Reports that "Jihadi John," the British-accented narrator of ISIS snuff videos, is Mohammed Emwazi — an educated young man from a middle-class background — ought to put the final stake in the pretense that poverty and a lack of education and opportunity fuel Islamist hate.
This mistaken idea seems to be Obama administration policy.
Marie Harf, the US Department of State deputy spokesperson, recently said:
We cannot win this war by killing [jihadists]. We need to go after the root causes that lead people to join these groups, whether it is lack of opportunity for jobs. . . We can work with countries around the world to help improve their governance. We can help them build their economies so they can have job opportunities for these people.
Of course, the news about "Jihadi John" is only the latest evidence to the contrary. These terrorists are often well educated and even wealthy. Osama bin Laden certainly was.
Many Islamist terrorists are physicians: Maj. Nidal Hasan (the Fort Hood shooter) and al Qaeda's current leader, Ayman Al-Zawahiri.
"Lady Al Qaeda" Aafia Siddiqui (the terrorist whom ISIS wanted to trade for James Foley, then for Steven Sotloff) was a scientist.
Terrorists are often well educated and well-to-do.
Mohammed Atta, the leader of the 9/11 crew, was an engineer and the son of a solidly middle class family. Another engineer: Umar Farouk Abdulmutallab, the Underwear Bomber, who is the son of a wealthy Nigerian businessman.
William A. Wulf, former president of the National Academy of Engineering, has noted, "In the ranks of the captured and confessed terrorists, engineers and engineering students are significantly overrepresented."
This found that "two-thirds of al Qaeda's members had a university education" and that "the vast majority of terrorists came from solid, middle-class backgrounds; their leadership hailed from the upper middle class. They came from caring, intact families."
Blaming Islamist horrors on poverty only obscures the true problem: Jihadists are driven by an ideology — one that yearns to "restore" a mythical caliphate, one governed by the most austere version of Sharia law.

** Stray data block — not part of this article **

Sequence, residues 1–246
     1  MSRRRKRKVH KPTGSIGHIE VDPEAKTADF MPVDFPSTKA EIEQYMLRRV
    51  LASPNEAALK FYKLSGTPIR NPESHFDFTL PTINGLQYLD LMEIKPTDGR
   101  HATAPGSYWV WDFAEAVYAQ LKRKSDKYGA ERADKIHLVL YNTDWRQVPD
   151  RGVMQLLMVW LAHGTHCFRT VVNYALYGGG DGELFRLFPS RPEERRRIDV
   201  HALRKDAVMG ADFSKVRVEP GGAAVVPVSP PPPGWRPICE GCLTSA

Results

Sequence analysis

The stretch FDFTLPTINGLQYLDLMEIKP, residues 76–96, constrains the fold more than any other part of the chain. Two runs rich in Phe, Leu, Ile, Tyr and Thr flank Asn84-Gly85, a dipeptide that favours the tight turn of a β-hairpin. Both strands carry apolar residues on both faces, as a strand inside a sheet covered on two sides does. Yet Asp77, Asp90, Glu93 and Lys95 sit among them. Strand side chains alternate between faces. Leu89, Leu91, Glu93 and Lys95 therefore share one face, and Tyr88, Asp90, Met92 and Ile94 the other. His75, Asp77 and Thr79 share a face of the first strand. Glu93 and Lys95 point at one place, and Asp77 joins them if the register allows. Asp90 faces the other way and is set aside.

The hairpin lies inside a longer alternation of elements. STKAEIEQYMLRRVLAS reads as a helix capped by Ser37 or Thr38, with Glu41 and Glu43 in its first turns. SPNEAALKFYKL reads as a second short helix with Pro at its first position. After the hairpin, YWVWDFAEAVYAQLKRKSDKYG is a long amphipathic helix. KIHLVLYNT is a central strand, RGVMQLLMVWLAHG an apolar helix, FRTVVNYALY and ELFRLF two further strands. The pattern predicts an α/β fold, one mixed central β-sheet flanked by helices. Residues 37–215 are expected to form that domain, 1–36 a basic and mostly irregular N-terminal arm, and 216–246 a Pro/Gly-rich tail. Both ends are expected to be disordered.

In a 2002 working paper for the National Bureau of Economic Research, Alan Kreuger and Jitka Maleckova found that "poverty and low education don't cause terrorism." Indeed,
[A]ny connection between poverty, education and terrorism is indirect, complicated and probably quite weak. . . Instead of viewing terrorism as a direct response to low market opportunities or ignorance, we suggest it is more accurately viewed as a response to political conditions and long-standing feelings (either perceived or real) of indignity and frustration that have little to do with economics.
Which brings us to the way that President Obama and others are part of the problem. The Western liberal elites who reinforce the belief that Muslims and Arabs have been persecuted, profiled, spied upon, discriminated against, etc. are enhancing the ressentiment at the root of radical jihad.
This is just a new version of a long-standing problem on the left.
In "The Tears of the White Man: Compassion as Contempt" and "The Tyranny of Guilt: An Essay on Western Masochism," Pascal Bruckner observed that Western left-wingers turned their romance with totalitarian communism into a dangerous flirtation with Third World struggles. Delusions of solidarity with and compassion for "the wretched of the earth," he notes, empowered anti-Western, anti-Semitic and anti-colonial hatreds.
Safely situated leftists engaged in "pseudo-revolutionary posturing" and "political playacting," which sacrificed women, infidels, dissidents and apostates.
Western elites view themselves as anti-racists ushering in a better world. Too bad they never think it through: Down with the Evil Western Empire, up with the . . . Even More Evil Islamist Empire?
Phyllis Chesler is a CUNY emerita professor of psychology and a fellow at the Middle East Forum. Her books include "Women and Madness" and "The New Anti-Semitism."